I’ve written several posts on this blog, and in my upcoming book, about how I try to help my students gain a greater understanding of why it’s important to get enough sleep. You can read more about this at The Best Resources For Helping Teens Learn About The Importance Of Sleep.
Some important studies came out this week, and I’ll be adding them to my lessons (and I’ll share what I do on this blog). Here they are:
As We Sleep, Speedy Brain Waves Boost Our Ability to Learn is the title of a report in Science Daily. The study identified what they called “sleep spindles” as a key element in learning and remembering. One of the researchers went on to say:
“A lot of that spindle-rich sleep is occurring the second half of the night, so if you sleep six hours or less, you are shortchanging yourself. You will have fewer spindles, and you might not be able to learn as much.”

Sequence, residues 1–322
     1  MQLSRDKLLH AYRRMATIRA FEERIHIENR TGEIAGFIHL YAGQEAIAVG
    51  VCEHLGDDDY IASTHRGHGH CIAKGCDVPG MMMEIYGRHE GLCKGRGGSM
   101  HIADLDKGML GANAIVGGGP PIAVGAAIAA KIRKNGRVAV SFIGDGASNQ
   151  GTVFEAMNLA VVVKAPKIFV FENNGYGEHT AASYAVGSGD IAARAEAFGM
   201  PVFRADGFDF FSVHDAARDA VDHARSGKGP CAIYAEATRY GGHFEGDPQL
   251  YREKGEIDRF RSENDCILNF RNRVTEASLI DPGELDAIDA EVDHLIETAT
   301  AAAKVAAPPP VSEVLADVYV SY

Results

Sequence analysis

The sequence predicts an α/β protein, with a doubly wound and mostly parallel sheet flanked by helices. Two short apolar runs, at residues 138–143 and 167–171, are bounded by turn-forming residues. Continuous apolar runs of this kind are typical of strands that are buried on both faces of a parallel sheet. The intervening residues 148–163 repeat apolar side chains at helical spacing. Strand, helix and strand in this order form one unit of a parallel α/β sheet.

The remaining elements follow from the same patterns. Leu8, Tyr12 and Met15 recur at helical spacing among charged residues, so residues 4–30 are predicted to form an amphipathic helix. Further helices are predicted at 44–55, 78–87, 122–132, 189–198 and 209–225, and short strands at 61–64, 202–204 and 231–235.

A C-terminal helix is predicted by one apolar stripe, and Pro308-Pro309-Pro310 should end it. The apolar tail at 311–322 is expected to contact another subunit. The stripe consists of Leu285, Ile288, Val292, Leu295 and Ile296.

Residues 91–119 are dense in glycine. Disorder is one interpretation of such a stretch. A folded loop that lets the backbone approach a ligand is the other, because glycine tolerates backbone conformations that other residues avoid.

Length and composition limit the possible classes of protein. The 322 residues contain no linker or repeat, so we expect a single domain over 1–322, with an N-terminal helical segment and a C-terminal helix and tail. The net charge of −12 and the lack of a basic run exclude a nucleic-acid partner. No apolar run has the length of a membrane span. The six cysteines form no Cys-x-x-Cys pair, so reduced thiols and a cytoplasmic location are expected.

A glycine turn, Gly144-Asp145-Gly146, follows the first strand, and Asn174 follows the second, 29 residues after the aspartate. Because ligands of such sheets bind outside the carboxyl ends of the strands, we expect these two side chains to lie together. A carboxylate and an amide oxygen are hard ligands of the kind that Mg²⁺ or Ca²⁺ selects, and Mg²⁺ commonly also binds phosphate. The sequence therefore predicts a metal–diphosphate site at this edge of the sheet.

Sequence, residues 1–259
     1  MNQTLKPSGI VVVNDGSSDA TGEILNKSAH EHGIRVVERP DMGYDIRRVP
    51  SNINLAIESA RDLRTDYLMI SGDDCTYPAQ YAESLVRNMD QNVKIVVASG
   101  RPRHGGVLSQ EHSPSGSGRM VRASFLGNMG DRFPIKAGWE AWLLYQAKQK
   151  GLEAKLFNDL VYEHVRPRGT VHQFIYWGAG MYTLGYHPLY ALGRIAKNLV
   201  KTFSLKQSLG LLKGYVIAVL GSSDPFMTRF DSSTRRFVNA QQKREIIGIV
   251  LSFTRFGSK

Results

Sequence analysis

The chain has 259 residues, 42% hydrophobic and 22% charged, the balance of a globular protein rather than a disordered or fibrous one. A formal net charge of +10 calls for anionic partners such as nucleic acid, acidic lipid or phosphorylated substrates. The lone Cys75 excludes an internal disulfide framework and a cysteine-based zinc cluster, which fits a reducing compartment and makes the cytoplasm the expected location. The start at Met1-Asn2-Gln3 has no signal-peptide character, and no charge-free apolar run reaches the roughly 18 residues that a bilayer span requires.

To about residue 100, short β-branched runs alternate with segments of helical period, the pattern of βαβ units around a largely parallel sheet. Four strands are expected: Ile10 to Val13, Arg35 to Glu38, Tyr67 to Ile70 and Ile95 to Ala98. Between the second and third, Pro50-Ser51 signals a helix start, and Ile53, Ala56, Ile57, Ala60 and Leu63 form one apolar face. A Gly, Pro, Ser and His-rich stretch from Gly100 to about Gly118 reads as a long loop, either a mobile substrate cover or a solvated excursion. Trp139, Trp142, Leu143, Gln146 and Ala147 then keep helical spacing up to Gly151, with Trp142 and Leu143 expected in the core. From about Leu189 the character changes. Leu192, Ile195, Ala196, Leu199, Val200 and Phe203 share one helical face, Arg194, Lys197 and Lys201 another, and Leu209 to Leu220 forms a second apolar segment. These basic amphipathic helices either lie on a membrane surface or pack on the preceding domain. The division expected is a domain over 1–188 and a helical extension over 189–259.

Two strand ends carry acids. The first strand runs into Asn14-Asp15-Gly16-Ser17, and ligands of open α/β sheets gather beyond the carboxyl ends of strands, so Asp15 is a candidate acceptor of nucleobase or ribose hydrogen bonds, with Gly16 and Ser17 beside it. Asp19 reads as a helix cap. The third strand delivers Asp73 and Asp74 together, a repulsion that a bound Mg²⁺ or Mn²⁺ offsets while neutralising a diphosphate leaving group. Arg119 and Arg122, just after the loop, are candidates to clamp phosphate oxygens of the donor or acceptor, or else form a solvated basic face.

Another new study, also reported by Science Daily, documented the negative impact the use of electronic devices has on sleep, particularly on young people:
Artificial light exposure between dusk and the time we go to bed at night suppresses release of the sleep-promoting hormone melatonin, enhances alertness and shifts circadian rhythms to a later hour — making it more difficult to fall asleep,” says Charles Czeisler, PhD, MD, Harvard Medical School and Brigham and Women’s Hospital. “This study reveals that light-emitting screens are in heavy use within the pivotal hour before sleep. Invasion of such alerting technologies into the bedroom may contribute to the high proportion of respondents who reported that they routinely get less sleep than they need.
This information will be a great addition to my lessons.